Local authority transport departments are in somewhat of a quandary. Legislation requires that no new internal combustion engine (ICE) powered cars or vans are sold in the UK from 2030. Recently a similar UK-wide ban has been announced on diesel HGV sales from 2040. COP26 is on the horizon and carbon neutrality is high on the agenda.

Many councils have declared a climate emergency with a typical target date of 2030 although some have put in an ambitious earlier date of 2025. Often authorities operate a 7-year replacement cycle for their vehicles, leaving difficult decisions for the next phase. As an immediate response, many are seeking some easy wins to reduce their carbon footprint and experimenting with driver training to reduce fuel usage, sometimes backed up by the onboard vehicle trackers. Others have tried replacement vehicle transmission and reprofiled the engine performance ECU with mixed success.

Technology for electric cars and vans continues apace. The vehicles themselves have broken through the short distance capability and range anxiety is becoming a memory. Battery power density continues to improve, with some research even seeking to give the bodywork itself battery capacity, thus removing duplicated weight. For the local authority, there is an expanding range of vehicles, grant funding and vastly reduced servicing requirements with closer to 20 moving parts in the powertrain rather than the 200 within traditional ICE vehicles.

So many have got the spreadsheets out and are attempting to identify the lifetime costs of vehicle ownership. If you can’t determine the value on disposal and the longevity of parts and technology is unknown, many of these estimates are likely to be best guesses. We’ve been caught out before; changing street lights to LED had undoubted savings, but these are eroded substantially when electricity prices subsequently rose way above inflation

Sadly power-grid infrastructure is lacking across the UK, with few depots able to sustain the load required for all but a handful of vehicles. Most therefore allow employees to take the electric vehicles home overnight to charge there, with the authority meeting the costs of power and utilising the Electric Vehicle Homecharge Scheme to cover 75% of the installation fees.

So, what about larger vehicles – the refuse freighters, gritters and school buses? Councils are facing a landscape where the rhetoric is running some way ahead of the technology. Yes, you can buy an electric RCV at twice the price, but with no guarantees that your investment will not be worthless within a very short time. Some have tried to mitigate this risk by separating the battery powerpack from the vehicle purchase and leasing that aspect for the duration.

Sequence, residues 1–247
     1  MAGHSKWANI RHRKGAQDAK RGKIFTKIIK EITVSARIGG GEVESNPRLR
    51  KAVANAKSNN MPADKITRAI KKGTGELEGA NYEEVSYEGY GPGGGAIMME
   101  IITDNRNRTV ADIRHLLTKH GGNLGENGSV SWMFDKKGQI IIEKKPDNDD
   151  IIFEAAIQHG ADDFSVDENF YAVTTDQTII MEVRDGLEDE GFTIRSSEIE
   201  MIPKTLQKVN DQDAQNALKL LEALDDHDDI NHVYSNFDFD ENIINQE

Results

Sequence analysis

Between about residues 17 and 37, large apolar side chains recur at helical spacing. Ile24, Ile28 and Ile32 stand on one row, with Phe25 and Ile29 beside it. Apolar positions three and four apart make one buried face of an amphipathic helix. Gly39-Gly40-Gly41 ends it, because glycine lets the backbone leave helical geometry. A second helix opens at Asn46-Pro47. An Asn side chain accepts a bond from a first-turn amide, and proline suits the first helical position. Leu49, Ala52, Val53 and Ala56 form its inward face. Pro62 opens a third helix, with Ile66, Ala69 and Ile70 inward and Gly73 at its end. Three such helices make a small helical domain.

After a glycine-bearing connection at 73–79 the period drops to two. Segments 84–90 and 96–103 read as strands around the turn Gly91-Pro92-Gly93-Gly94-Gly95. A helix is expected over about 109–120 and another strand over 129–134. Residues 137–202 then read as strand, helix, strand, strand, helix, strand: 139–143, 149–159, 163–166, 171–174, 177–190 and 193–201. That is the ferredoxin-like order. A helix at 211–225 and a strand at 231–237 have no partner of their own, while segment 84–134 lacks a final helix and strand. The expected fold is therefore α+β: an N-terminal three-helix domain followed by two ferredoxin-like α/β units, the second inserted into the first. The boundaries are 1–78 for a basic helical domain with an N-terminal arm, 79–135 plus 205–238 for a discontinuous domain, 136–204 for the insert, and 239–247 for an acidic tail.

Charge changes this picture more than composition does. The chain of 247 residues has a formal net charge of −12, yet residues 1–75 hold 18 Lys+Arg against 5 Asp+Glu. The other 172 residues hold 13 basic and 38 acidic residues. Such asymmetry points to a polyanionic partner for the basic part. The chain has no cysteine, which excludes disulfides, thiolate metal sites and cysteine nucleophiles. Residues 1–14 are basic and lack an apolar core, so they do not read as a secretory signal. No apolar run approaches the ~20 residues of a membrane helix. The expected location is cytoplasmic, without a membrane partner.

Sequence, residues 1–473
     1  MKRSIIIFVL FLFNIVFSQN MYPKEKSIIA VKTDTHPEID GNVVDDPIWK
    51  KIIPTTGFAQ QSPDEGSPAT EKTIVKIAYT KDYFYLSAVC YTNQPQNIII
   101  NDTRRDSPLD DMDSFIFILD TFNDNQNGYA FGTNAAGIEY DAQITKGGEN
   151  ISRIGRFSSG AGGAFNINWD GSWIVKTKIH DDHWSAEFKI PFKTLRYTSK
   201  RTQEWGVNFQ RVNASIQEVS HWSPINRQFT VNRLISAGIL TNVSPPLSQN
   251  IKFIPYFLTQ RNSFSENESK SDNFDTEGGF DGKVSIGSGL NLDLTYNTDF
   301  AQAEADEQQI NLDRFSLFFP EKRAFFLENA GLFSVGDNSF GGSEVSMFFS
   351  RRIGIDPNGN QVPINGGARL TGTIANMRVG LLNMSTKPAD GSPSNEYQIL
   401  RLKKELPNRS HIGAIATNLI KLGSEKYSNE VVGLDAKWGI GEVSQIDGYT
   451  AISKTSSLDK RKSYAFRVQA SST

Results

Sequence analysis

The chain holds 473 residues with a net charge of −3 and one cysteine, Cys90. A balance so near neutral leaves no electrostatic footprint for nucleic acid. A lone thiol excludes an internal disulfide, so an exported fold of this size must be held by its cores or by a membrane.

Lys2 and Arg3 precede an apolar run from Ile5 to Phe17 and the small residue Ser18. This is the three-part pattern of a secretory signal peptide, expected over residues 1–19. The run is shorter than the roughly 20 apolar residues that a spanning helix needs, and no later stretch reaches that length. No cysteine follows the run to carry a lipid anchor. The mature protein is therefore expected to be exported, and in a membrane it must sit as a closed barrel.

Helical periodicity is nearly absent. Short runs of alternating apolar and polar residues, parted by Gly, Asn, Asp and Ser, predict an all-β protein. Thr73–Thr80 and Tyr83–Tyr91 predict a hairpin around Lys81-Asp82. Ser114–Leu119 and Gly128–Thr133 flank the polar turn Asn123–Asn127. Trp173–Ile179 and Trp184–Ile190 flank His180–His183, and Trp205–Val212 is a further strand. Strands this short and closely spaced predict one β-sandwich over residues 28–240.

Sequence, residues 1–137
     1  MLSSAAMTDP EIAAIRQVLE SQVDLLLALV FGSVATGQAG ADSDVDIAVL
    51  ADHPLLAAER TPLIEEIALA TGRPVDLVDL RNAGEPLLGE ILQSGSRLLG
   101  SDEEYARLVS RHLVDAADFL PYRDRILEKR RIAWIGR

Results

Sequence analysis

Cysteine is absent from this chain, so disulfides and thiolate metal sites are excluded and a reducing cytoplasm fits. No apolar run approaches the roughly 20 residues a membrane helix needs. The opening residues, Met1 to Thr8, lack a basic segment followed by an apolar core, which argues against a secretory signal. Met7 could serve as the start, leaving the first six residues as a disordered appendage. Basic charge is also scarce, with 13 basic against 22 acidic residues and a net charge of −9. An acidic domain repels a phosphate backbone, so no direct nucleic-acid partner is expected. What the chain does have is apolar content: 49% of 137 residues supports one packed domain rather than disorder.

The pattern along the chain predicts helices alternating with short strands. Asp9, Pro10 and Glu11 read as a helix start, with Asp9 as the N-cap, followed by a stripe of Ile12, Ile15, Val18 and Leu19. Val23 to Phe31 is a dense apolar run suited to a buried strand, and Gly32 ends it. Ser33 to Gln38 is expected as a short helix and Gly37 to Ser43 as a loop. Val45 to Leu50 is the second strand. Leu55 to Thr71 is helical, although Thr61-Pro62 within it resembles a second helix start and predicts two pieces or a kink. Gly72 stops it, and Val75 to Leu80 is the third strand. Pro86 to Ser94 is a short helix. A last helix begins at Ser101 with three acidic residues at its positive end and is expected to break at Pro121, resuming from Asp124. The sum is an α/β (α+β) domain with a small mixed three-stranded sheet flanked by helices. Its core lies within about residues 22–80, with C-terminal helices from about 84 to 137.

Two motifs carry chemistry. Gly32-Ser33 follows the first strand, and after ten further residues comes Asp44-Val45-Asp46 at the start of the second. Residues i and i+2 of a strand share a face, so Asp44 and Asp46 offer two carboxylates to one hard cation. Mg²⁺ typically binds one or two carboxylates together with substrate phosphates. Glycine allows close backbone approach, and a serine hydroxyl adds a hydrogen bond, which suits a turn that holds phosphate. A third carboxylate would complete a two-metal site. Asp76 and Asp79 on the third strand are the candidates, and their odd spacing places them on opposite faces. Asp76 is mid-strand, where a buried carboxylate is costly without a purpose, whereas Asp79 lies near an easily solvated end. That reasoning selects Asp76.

And is electric the final solution for HGVs? Hydrogen fuel cells are being used to power both cars and heavy vehicles and have the benefit that they can be refuelled in a manner closer to conventional vehicles. They don’t need the same infrastructure and, within reason, the fuel can be stored locally and transported by tanker. Brown hydrogen production is being ramped up by industry and green hydrogen can be produced from excess renewable energy. Go back a century and there was a VHS/Betamax fight (for millennials read Apple/Blackberry) over lorry fuel; Leyland Trucks began life as the Lancashire Steam Motor Company and an electric vehicle held the land speed record until 1900. It’s still not a settled argument and one that only adds to the anxiety.

Practically, many authorities with a fleet close to renewal are making what they estimate to be their last foray into ICE and ordering new fleets of Euro VI vehicles. Others are prolonging the lifespan of existing RCV vehicles by retaining the chassis and powertrain and replacing the body, lifts and compactor. The assumption is that the longer replacement can be postponed, prices will fall and the technology will be better developed and reliable.

Local government must and should be seen to take the leadership role in carbon reduction. Vehicles are a significant part of that along with heating and lighting of the corporate estate, ecological considerations in management of the public realm, and a host of other ambitious initiatives. To succeed there may well be mistakes along the way, so a culture of being unafraid to fail on the odd occasion, is one that must be adopted. Doing nothing is not an option if we are to meet local, national and global ambitions on climate change.

Rob Bailey is APSE’s Principal Advisor for Transport and Fleet.

This article was originally published in the autumn issue of LAPV. For a free subscription to the magazine, sign up here.